Devastated :( - page 2
In my scholarship interview last week, I told the judges that midwifery is what drew me to nursing, but for several reasons (which I explained to them clearly) I am not interested in midwifery... Read More
May 30, '12 by Ivanna_NurseYou have received alot of great advice, and sounds like you did well with the interview. Emailing them other than to say thank you isn't going to change anything. Consider this practice for the multitude of job interviews and other scholarship interviews in your life. Dust yourself off and keep moving forward! Ivanna
May 30, '12 by Patti_RNThis is really unfortunate. I hope this isn't a financial obstacle that prevents you from attending nursing school. If you need a scholarship or grant, there are others out there; the school's admission office might be able to guide you toward other forms of tuition assistance. Yes, as it was pointed out, they've already made up their minds, and nothing you say can change what has happened. Send them the kindest thank you note you can; it's better to maintain positive relationships than express disappointment, try to clarify your position, or plead for another chance--no matter how you word any of that, it would sound like sour grapes.
Jun 2, '12 by ixchel, BSN, RNI thank you all for your responses. As I indicated earlier (albeit maybe not in a clear way) my op was an emotional unloading and I've come to my senses.
I thank each and every one of you for your thoughts, though. I was reading through each post as they came through on breaks during CNA clinicals, and didn't come back to say thank you, so, THANK YOU It's been helpful to have the thoughts of others to help calm the sting of the news. What it boils down to is this: I may be first chair clarinet material, but they're looking for a French horn. It is what it is. I am very flattered that they took the time to share their responses to me directly and I appreciate their feedback.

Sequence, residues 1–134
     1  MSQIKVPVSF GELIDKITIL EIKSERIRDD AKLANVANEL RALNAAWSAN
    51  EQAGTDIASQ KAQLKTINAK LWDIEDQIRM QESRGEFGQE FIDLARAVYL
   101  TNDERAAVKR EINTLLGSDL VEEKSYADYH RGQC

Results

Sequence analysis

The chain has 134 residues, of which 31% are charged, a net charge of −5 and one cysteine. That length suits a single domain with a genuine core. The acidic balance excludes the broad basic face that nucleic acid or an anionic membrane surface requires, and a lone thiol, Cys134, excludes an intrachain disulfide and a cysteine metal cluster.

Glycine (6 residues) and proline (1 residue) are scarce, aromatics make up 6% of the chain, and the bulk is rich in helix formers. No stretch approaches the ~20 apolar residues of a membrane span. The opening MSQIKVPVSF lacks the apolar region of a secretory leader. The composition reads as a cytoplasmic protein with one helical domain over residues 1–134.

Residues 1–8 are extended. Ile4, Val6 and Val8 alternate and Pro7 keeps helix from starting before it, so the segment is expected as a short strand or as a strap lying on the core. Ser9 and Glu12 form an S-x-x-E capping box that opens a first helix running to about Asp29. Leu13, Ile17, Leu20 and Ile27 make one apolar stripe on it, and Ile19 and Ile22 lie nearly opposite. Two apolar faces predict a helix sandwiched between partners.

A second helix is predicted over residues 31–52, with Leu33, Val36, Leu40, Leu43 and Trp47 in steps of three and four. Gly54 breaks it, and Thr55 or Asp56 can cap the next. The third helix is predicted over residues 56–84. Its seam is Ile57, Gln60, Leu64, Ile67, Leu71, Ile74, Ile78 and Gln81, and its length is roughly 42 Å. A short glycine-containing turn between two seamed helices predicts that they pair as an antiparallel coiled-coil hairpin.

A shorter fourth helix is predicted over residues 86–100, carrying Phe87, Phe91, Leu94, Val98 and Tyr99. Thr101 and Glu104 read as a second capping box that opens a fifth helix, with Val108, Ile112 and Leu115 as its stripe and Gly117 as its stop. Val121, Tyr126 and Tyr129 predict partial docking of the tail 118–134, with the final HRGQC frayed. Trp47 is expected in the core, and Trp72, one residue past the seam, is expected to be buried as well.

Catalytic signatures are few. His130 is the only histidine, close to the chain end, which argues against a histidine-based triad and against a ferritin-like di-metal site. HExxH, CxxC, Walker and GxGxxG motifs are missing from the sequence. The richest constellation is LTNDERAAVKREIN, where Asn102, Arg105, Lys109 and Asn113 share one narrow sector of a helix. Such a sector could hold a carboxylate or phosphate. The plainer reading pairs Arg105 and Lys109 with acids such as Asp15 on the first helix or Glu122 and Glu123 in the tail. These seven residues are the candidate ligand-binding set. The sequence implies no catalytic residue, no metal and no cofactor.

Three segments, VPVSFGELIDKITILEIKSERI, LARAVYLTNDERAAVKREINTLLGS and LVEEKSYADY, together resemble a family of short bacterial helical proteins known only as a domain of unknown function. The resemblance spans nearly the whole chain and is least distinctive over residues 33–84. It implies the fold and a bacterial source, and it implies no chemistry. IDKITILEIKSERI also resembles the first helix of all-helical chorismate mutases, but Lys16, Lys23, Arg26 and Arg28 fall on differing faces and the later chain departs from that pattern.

So now I'm back to square one. It's actually not a bad thing! The world is my oyster again. Maybe going into school without a specific track in mind will be better for me. And who knows.... Maybe my talents would be best served in peds.
I've been hearing from multiple people that it is very common to be turned down for something because the interviewers felt you had a talent for something other than the job that was applied for. The way in looking at it right now (and this is soothing the sting, too) is that these people see people like me all the time, and they can recognize talent for certain specialties, I'm sure. Some things are easier recognized from the outside as well. My instructor for CNA is in an ADN-MSN program now but hasn't chosen her track yet. She can't decide if she wants to go into patient care or stick with teaching. My opinion? If she doesn't stick with teaching, the nursing world will be losing an incredible educator.
So that's my long winded way of saying I get it. What you do with the news you relieve is what makes it good news of bad news, and I am very much a silver lining girl. There is a better opportunity out there somewhere that will make me happier. I'm going to find it. In the meantime, I just accepted my financial aid package yesterday. School is paid for, and I am thankful for that.
Jun 2, '12 by ixchel, BSN, RNEsme: It is a BSN program that I am entering. The scholarship was through a hospital that has a service agreement, and my post-grad plans were discussed during the interview.